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Accord panel calls for creation of Tertiary Education Commission

Image: JoshCrawfo [CC BY-SA 4.0], via Wikimedia Commons

Interim report on Australian Universities Accord covers specialised universities, Job-Ready Graduates and full research funding

Australia may get a new Tertiary Education Commission to oversee its university system, with more specialised universities likely to be created and a new deal possible for the competitive research funding system.

The interim Australian Universities Accord report to the government from Mary O’Kane, released on 19 July, recommended a major overhaul of Australian higher education.

The report proposed a bigger pool of money for university research and a second national university to join the Australian National University.

The proposed Tertiary Education Commission would advise the government on new universities and determine “mission-based funding” for institutions.

Education minister Jason Clare (pictured) said the proposed Universities Accord reforms would make Australia’s higher education system “fit for the future”.

Delivering a speech to the National Press Club on 19 July, Clare said he would make five reforms immediately, with more sweeping changes to come after the final report is delivered by the end of the year.

Immediate reforms include a doubling of the existing 34 regional and outer-suburban university hubs. Students will no longer lose government support if they fail more than half their subjects, and Clare will write to state governments to ask for talks to improve governance, staff conditions and safety at universities.

The vice-chancellors’ group Universities Australia said in a statement that it welcomed the report, and that “clear and constructive consideration has been given to deeper reforms”. The Innovative Research Universities group said the reforms were on “the right track for a more equitable higher education system”.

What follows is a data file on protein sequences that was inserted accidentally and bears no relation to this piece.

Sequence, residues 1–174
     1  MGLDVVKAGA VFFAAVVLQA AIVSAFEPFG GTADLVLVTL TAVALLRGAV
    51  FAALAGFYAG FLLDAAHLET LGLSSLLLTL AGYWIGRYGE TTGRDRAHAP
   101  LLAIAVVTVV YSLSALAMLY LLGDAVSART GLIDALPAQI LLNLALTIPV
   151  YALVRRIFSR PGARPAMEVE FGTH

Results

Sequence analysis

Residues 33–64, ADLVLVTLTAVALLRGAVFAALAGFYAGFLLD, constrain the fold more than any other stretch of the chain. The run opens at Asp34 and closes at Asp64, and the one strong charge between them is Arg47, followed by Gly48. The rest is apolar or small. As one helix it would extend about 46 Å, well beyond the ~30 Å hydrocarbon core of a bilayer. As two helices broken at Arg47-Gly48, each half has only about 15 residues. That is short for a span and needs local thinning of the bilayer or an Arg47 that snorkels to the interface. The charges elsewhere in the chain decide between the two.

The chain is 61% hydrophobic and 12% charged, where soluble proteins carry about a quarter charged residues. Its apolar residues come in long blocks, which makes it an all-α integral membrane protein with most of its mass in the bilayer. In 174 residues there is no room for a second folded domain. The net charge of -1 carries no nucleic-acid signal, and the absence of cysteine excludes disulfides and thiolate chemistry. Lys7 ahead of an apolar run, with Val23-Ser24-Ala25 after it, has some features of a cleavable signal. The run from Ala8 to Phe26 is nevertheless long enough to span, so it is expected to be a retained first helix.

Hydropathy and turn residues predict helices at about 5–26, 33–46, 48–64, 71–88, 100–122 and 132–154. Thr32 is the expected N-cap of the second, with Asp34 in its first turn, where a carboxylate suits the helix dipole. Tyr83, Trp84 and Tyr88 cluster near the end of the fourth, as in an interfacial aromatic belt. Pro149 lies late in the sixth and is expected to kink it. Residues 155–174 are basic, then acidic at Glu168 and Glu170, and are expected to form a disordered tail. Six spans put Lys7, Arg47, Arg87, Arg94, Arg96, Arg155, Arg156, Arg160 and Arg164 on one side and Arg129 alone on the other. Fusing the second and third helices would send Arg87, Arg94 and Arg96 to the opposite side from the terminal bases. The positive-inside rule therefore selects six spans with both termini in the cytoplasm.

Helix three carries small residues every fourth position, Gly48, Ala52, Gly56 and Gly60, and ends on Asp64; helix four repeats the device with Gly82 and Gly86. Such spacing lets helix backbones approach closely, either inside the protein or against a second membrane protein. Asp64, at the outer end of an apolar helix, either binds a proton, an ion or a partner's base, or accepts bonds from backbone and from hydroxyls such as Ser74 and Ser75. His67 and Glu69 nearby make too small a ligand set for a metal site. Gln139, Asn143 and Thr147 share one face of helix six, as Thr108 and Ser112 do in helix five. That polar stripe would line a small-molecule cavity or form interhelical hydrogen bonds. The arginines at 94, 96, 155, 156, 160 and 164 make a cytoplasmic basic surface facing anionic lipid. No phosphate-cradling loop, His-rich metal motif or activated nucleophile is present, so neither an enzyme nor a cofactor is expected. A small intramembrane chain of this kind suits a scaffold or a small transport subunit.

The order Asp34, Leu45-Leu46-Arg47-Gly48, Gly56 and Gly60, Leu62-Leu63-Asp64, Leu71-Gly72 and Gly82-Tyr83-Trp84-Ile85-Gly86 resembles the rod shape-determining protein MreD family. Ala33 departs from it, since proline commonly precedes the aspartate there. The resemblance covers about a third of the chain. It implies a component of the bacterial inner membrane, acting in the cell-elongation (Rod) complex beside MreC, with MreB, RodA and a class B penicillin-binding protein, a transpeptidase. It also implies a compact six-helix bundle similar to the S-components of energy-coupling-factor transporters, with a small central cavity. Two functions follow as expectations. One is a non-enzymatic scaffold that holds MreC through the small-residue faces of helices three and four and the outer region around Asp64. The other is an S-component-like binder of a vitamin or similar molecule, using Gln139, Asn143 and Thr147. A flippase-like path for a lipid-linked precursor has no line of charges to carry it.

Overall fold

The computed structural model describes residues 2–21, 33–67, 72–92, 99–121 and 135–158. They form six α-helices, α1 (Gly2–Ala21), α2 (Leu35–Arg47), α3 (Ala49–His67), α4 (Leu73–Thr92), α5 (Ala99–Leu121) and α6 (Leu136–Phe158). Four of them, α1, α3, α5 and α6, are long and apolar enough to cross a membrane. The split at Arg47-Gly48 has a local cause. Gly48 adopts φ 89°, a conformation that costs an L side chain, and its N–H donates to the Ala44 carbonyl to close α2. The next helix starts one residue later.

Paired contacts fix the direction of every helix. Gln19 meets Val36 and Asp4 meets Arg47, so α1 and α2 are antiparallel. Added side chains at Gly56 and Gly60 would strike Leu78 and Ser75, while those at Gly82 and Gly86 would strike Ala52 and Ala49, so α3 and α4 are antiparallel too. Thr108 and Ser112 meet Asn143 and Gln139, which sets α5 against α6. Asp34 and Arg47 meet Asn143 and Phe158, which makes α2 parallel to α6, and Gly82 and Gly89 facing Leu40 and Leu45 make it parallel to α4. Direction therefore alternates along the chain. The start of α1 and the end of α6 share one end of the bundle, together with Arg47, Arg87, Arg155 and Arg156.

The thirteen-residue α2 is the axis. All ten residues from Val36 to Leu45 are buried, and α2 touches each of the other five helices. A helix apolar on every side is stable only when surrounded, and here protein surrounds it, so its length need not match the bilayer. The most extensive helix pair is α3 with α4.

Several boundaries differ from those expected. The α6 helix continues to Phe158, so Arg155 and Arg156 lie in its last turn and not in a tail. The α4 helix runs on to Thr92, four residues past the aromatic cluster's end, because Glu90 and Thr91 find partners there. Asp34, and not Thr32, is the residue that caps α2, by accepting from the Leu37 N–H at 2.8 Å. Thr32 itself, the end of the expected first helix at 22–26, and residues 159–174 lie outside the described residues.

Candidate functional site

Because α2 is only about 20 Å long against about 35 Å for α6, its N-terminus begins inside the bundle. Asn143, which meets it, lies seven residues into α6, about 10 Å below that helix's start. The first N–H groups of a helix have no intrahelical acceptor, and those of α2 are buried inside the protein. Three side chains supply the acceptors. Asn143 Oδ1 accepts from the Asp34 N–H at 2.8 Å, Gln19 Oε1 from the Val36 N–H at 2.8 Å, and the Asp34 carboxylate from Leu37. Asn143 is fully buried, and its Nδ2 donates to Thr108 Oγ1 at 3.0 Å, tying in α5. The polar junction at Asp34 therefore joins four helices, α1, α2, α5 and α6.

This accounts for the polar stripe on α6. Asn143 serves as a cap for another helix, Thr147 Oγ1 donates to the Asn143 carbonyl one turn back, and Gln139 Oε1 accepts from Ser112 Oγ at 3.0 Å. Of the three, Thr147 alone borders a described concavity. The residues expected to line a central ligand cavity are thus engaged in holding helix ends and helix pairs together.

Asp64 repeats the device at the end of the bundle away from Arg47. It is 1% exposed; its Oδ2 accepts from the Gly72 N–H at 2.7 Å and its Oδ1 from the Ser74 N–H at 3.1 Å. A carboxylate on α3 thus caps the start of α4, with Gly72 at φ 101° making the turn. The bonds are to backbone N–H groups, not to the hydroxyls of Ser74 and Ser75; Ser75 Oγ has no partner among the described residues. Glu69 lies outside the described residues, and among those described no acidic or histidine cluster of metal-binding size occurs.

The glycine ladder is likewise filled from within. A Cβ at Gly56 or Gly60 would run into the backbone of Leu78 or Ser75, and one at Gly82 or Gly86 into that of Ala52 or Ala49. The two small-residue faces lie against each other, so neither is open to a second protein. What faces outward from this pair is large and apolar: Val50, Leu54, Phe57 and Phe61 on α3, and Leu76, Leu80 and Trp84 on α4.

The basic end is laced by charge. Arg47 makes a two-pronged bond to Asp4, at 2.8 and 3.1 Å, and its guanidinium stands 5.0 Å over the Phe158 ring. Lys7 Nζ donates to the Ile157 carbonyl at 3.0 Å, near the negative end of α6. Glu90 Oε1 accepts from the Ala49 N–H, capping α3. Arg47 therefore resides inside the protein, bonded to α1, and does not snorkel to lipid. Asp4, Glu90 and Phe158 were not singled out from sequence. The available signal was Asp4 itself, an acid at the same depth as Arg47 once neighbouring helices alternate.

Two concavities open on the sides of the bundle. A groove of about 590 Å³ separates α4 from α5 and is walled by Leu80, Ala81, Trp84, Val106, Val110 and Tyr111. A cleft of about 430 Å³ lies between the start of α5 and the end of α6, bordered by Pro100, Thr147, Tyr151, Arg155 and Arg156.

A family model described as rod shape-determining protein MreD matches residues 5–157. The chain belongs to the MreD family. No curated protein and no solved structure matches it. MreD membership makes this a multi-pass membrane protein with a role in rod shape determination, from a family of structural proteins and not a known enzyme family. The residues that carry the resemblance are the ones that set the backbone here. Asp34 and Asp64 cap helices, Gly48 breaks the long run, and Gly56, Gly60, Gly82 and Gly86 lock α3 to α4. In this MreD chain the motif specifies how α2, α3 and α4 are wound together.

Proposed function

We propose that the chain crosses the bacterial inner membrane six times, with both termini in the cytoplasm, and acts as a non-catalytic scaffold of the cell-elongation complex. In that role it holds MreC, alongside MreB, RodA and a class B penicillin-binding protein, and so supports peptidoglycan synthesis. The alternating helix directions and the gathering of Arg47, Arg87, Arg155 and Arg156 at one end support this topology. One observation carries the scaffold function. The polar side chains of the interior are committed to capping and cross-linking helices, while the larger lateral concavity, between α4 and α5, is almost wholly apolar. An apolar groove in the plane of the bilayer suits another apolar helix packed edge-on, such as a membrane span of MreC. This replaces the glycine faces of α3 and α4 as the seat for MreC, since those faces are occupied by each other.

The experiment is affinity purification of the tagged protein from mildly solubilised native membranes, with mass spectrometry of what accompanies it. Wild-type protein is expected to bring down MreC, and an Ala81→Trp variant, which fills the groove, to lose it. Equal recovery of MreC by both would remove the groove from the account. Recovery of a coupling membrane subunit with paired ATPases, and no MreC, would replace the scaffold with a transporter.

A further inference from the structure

Research recommendations

The report said that in Australia, “universities play a larger than normal role [in research] compared to international economic peers”, accounting for 36 per cent of national R&D spending.

“It is only in our universities that Australia has research capability in several areas of sovereign risk,” it said. Because of that, “the research strength of our universities should be protected and increased”.

“The review is also of the view that mechanisms for sharing and translating university research should be improved significantly, starting with establishing a baseline and then continuing to measure how useful university research actually is to end-users.”

It added: “Funding for the Australian Research Council has not grown significantly for many years and this puts our capacity for breakthrough research at risk.”

Full funding of research is also a possibility that could come out of the review. While not directly recommending the move, the report said that “teaching and research may need to be funded separately and consideration should be given to ensuring national competitive grants cover the cost of undertaking the research”.

It noted the risk that moving to full funding would reduce the total amount of competitive funding available across the sector, but it said the burden of matching government funds was “less than ideal”.

It also said that consideration should be given to the National Collaborative Research Infrastructure Strategy “moving to sustainable, ongoing funding”.